Meanwhile so much of my life is in Wilmington, Newark, and the surrounding areas. Many very dear friends, many very dear memories, my current boyfriend, etc. Honestly, I was saying at Thanksgiving the biggest drawback about living around here is that there is no way I can get out of going to my family Thanksgiving and Christmas celebrations, unless I want to have absolutely NO relationship with my family - and I'm not there, by any means.
Once I wrote a poem that began,
"I live inside my memory, I cannot help it."
I really love revisiting past places, past times, past moments. I love the comfort of knowing how to get places. I love running into other native Delawareans and getting to swap stories from middle school and discover that we went to the same place for kindergarten, or etc. I love that it's a two-hour drive to the beach and I've been there and done it enough that I kind of know my way around even though I probably only make the trip a half-dozen times or so a year. I love all the country roads, I love knowing and going to all the state parks, I love the farms that start to pop up as you head away from Wilmington and Newark. I love that sometimes, I can take someone I really care about and go on a 30-minute drive with them and point out numerous meaningful places from my childhood and recount random stories that make up a part of who I am, just because I drive by places and they jog my memory. I love that I know the house with the best Christmas light display every year and I love bringing new people to see it.
There are drawbacks to living in the same place and knowing all the same people - they know all your past mistakes and drama - but I've been improving my life and growing up and being pretty straight and clean, post-college. I live and interact with people in such a way that I am not embarrassed by my choices or most things(people) I've done over the past 5 years. I have cut out the poisonous friends and, even though I'm still living in the same town they probably live in, I don't run into them, not more than maybe a chance meeting in the street once a year, and when that happens I don't have to engage. I am proud of my life and who I am and where I've gotten, especially compared to when I've been down in the past. So I feel like the common complaint of living in the same place for too long, that "you know too many people and too many people know you/about you," doesn't come into play in my life very much. And I have always felt that the best part of traveling is coming home - I do not have an innate urge to go new places, break new ground, go someplace totally different where no one knows me.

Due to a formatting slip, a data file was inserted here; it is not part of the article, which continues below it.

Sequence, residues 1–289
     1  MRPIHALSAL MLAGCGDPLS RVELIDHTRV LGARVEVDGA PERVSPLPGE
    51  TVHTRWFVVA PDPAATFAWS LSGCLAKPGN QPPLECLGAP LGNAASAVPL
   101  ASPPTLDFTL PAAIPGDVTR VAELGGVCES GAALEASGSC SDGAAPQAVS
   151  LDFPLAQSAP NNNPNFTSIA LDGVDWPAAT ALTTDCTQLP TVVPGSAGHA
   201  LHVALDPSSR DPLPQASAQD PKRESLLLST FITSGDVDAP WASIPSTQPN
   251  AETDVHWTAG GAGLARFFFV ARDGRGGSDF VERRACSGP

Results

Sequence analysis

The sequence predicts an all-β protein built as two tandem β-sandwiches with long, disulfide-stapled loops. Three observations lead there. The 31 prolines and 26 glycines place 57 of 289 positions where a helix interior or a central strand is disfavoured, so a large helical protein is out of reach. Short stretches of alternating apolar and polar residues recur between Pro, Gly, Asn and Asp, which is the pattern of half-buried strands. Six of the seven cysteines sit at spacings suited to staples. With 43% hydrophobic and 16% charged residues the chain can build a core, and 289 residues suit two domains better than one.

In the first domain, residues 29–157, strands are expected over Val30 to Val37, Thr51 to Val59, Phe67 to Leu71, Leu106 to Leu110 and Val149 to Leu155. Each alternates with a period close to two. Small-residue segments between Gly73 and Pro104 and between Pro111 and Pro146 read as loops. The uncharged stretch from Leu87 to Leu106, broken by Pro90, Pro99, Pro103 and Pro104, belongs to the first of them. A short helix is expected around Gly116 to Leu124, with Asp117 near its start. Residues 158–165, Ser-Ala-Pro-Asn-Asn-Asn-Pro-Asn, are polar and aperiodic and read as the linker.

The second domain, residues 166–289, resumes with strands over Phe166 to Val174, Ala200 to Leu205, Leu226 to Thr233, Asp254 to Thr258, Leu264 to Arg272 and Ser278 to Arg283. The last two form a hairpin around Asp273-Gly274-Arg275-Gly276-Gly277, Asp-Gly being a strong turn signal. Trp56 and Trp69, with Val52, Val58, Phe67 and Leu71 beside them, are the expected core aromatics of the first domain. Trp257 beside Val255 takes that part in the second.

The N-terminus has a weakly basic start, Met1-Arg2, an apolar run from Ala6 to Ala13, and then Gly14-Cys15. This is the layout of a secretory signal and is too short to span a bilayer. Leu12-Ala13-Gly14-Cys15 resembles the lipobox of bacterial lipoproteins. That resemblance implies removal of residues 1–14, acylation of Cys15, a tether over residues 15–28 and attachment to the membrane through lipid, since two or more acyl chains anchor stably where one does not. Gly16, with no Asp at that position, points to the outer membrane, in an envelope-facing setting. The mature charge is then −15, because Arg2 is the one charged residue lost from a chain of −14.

Besides, the Poet Laureate for the state has just retired, which means there's an open position. She held the post for like 8 years, and while she's a good poet, I kind of feel like I am one too. And I feel like being a native makes me a better candidate for the position than not! ;)
(It's been a running joke since college that I'm going to become poet laureate of Delaware. I have done basically nothing to accomplish this, but then again, how does one get that kind of post anyway? Who knows. Prestige, I guess. Prestige and writing regional love poems.)
Side note - best thing about the passage you quote above?
| that Wilmington just got its first homicide unit.
The police chief actually vocally opposed this development. Crazy hubris IMHO - there is a clear violence/crime problem in the city. But the push to add a homicide unit came from an outside review and I think he just didn't want to agree with any of the suggestions that came from it.
Anyway. That's why I live in, basically, the same area (certainly same county) where I grew up and went to college and why it doesn't bother me - why I actually enjoy and like it. Wilmington is kind of a side effect of those choices. But again...I could flee Wilmington for its crime rate, or I could stay and try, in some small way, to help fix it and its problems. I don't think that Wilmington's problems would be improved in any way if everyone who could afford to leave it left.